Nicholas Carr writes about a presentation by Sun CTO Greg Papadopoulos:
Papadopoulos shows that the traditional big driver of computing demand – basic business computing – has lost its force. The growth in computing power through Moore’s Law now far outstrips the growth in demand from traditional business computing. That means, in essence, that businesses will need far fewer computers in the future to fulfill their demand – a fact already manifesting itself in IT departments’ emphasis on server consolidation and virtualization. The big opportunity here is simply to improve your utilization of existing capacity.
But, argues Papadopoulos, there are three new drivers of computing demand that far outstrip the expansion in supply guaranteed by Moore’s Law:
1. Rich multimedia content delivered through the broadband Internet (think YouTube and VOIP).
2. High-performance supercomputing (think weather modeling and drug development).
3. Software as a service (think Salesforce.com, Webex and Office Live).
In combination, these three sources will produce an exponential leap in demand for computing – Papadopoulos calls it the “Redshift” – that will far outstrip the increase in supply produced by Moore’s Law alone.
From The FASTForward Blog:
At Merrill Lynch, a single search and discovery portal was employed to replace SQL-based queries to multiple silos of data across various units and services across the globe. SQL was not ideal for searching it was too slow, said Zach Friedland, vice president of enterprise data solutions for Merrill Lynch. The firms EDS Search portal (for Enterprise Data Solutions) links against messaging across the enterprise. We have no data warehouse at all here, since were processing the same messages that we use to send to our systems, he said. Friedlands team did, however, build a data warehouse off of the navigators used for the search and discovery portal. We built a warehouse off of the search engine, which is the reverse of the way its usually done. he said.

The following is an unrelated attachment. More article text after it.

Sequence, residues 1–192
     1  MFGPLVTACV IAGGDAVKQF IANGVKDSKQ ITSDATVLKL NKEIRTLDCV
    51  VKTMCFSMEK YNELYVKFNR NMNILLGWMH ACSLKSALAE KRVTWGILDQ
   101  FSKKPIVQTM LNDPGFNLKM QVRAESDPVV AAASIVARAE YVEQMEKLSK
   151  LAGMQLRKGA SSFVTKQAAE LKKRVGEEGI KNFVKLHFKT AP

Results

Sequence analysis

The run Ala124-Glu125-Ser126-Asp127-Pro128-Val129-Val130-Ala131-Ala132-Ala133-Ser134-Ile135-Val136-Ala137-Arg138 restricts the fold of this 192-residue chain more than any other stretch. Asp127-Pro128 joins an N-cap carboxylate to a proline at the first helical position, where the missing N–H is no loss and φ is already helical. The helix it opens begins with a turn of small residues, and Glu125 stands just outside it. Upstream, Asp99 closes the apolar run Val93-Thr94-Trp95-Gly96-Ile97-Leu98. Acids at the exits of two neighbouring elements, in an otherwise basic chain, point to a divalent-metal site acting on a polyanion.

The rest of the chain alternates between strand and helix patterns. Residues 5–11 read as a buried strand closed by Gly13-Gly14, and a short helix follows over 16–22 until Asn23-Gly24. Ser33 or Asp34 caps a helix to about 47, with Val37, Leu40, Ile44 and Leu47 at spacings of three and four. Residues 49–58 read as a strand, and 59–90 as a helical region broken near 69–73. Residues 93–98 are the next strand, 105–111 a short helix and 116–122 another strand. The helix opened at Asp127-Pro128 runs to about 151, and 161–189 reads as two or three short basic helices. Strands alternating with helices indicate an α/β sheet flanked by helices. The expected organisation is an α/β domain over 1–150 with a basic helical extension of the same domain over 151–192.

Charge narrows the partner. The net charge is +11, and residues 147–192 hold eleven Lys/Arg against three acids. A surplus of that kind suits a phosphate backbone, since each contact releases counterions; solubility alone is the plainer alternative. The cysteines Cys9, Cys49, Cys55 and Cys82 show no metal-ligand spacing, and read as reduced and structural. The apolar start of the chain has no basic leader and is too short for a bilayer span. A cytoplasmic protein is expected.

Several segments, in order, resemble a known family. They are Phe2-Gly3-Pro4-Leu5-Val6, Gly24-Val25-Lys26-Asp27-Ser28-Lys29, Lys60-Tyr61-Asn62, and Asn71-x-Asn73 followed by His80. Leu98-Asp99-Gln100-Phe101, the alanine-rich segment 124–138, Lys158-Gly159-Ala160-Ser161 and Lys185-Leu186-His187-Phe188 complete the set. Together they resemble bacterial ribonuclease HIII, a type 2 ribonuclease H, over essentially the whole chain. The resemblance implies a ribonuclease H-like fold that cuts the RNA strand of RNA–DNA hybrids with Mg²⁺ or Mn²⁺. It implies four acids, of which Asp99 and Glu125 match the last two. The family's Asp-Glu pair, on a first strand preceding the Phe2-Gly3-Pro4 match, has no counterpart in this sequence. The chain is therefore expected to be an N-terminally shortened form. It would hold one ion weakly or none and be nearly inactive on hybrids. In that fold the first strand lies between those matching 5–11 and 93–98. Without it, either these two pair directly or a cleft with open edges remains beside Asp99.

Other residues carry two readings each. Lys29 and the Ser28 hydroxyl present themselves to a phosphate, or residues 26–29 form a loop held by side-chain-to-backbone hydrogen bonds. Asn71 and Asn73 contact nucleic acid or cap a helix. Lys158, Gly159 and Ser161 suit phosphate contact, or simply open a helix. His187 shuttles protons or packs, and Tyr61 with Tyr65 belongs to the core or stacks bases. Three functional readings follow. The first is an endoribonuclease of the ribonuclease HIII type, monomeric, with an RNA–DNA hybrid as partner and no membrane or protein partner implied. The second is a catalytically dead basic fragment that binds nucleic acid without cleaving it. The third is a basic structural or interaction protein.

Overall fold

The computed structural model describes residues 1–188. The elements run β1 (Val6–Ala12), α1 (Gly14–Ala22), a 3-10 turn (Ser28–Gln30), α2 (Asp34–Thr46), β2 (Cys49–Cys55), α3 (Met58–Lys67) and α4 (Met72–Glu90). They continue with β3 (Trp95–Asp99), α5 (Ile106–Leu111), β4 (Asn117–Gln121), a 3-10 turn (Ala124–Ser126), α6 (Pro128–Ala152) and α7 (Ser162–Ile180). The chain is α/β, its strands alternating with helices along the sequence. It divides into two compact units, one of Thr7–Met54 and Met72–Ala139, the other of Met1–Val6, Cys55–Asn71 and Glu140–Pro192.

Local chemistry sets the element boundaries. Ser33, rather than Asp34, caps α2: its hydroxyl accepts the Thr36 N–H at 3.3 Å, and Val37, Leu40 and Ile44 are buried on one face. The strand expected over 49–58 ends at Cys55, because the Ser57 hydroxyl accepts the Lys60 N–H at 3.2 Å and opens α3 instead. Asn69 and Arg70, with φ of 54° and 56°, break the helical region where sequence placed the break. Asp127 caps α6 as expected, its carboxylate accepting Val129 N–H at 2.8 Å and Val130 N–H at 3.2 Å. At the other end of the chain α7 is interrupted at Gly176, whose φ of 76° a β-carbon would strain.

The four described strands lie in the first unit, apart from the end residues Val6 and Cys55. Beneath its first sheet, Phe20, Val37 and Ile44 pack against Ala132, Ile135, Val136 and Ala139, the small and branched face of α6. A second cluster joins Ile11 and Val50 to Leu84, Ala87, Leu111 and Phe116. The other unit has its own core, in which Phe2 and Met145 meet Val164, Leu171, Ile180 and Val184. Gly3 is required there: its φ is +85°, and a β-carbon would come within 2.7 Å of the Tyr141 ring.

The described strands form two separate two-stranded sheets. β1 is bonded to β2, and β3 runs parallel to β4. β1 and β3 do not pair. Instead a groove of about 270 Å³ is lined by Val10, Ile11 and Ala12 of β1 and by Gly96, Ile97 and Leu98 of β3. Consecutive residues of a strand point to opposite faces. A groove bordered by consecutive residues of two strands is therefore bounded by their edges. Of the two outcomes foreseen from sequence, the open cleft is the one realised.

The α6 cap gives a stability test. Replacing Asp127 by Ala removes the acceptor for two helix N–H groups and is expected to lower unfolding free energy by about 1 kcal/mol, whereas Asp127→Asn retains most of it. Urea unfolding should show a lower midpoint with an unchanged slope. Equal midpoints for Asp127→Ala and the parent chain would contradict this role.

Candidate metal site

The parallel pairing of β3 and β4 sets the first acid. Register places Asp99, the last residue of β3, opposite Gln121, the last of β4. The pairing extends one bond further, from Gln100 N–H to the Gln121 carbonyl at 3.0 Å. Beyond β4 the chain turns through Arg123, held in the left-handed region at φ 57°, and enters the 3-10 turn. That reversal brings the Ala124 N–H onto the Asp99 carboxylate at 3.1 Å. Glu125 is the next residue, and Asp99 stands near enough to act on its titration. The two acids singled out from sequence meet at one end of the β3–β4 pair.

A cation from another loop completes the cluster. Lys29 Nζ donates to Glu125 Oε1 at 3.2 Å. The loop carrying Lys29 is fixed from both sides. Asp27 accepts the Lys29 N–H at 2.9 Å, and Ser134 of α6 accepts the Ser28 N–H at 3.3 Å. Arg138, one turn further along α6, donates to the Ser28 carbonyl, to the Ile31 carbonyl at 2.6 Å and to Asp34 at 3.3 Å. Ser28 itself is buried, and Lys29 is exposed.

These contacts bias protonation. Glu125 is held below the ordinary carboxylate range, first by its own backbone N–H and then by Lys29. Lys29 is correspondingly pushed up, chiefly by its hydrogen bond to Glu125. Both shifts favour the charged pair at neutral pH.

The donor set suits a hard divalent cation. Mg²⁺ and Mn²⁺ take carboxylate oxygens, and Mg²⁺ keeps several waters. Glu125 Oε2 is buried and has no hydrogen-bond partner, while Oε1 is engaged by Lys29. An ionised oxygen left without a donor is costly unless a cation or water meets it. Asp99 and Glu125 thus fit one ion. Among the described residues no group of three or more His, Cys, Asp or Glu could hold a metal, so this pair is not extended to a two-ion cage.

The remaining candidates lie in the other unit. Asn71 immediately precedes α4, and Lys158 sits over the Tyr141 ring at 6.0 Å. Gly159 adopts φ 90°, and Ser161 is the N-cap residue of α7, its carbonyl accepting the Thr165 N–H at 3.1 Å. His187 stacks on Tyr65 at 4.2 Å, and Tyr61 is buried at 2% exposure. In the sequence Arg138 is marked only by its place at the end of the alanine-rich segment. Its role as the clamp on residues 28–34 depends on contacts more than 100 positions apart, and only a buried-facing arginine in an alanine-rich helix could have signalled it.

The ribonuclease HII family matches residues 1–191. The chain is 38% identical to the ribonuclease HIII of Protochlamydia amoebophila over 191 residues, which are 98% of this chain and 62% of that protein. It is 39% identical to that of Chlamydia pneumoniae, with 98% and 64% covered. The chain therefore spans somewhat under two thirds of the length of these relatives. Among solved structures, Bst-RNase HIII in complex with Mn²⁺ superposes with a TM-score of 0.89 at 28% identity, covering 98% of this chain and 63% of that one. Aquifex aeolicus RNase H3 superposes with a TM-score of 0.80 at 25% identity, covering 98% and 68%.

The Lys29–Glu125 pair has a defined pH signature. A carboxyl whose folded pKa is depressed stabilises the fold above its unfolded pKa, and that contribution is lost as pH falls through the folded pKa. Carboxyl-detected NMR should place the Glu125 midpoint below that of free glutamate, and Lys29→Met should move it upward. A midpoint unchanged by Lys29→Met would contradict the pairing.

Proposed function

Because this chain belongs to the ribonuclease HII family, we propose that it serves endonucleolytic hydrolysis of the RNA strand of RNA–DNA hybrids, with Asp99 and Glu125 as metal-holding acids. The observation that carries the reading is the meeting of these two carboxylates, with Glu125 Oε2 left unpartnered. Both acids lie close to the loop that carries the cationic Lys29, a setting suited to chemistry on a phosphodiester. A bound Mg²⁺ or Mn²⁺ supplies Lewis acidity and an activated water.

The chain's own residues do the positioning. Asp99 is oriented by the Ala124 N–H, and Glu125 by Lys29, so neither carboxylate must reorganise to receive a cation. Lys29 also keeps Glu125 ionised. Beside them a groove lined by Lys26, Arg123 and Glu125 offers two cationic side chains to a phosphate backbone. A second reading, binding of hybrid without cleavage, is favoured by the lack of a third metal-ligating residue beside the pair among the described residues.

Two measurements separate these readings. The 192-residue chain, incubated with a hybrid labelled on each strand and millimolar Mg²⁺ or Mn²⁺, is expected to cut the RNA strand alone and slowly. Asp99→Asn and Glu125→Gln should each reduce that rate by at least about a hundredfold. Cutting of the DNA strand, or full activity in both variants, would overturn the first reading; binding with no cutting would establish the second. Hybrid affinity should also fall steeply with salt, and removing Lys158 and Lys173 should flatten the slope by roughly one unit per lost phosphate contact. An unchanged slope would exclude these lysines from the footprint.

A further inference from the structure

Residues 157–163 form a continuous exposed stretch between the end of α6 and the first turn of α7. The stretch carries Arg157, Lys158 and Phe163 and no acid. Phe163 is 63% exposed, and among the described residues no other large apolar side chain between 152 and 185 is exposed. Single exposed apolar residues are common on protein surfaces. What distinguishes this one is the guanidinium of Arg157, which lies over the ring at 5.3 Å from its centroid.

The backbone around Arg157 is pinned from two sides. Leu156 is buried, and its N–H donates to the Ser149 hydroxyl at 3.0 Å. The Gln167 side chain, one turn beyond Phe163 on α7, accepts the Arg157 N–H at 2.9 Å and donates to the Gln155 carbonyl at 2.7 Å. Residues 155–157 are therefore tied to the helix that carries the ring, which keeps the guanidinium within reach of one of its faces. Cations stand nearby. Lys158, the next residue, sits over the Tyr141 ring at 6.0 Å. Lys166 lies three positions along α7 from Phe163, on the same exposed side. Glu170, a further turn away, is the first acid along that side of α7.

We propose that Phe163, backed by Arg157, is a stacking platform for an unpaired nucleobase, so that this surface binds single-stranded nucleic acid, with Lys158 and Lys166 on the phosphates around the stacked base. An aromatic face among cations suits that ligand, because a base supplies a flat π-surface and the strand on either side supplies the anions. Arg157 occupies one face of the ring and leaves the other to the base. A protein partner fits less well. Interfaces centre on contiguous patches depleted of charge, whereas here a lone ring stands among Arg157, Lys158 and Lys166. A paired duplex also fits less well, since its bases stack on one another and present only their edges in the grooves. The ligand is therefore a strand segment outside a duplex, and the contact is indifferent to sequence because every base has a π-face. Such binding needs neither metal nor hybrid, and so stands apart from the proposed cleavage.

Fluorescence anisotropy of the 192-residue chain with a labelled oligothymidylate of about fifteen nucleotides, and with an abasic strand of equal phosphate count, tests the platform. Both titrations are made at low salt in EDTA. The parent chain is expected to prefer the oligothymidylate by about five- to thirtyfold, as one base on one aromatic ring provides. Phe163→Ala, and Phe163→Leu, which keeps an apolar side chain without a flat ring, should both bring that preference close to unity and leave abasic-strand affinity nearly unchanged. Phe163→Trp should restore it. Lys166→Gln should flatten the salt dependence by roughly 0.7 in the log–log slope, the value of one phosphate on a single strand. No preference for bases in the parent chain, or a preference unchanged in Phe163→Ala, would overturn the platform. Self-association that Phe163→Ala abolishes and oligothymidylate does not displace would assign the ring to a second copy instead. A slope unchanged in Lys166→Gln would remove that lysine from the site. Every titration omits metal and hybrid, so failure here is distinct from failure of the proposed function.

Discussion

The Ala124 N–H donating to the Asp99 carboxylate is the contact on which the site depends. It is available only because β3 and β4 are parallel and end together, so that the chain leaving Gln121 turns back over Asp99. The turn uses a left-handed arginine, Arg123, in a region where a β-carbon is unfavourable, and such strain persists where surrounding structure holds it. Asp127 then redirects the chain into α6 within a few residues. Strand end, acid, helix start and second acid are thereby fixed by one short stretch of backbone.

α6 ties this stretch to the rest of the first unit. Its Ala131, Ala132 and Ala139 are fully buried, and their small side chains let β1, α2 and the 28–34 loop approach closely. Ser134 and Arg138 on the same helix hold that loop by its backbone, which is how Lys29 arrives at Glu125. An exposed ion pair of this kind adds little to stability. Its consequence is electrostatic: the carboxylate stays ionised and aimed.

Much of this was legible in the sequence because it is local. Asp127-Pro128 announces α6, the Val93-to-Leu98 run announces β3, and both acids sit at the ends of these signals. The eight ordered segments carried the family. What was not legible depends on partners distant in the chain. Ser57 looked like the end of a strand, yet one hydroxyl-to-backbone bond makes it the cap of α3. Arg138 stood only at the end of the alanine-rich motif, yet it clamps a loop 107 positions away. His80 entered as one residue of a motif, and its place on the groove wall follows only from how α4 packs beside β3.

Is the traditional relational database dead, then? No, said INGs Longo. Not for companies with lots of legacy systems.
Fortune writes: “ndia should put aside pride about its growing economy and concentrate on improving the lives of average citizens.”
India is not a superpower, and in fact, that is probably the wrong ambition for it, anyway. Why? Let me answer in the form of some statistics.
* 47 percent of Indian children under the age of five are either malnourished or stunted.
* The adult literacy rate is 61 percent (behind Rwanda and barely ahead of Sudan). Even this is probably overstated, as people are deemed literate who can do little more than sign their name.
* Only 10 percent of the entire Indian labor force works in the formal economy; of these fewer than half are in the private sector.
* The enrollment of six-to-15-year-olds in school has actually declined in the last year. About 40 million children who are supposed to be in school are not.
* About a fifth of the population is chronically hungry; about half of the world’s hungry live in India.
* More than a quarter of the India population lives on less than a dollar a day.
* India has more people with HIV than any other country.
(Sources: UNDP, Unicef, World Food Program; Edward Luce)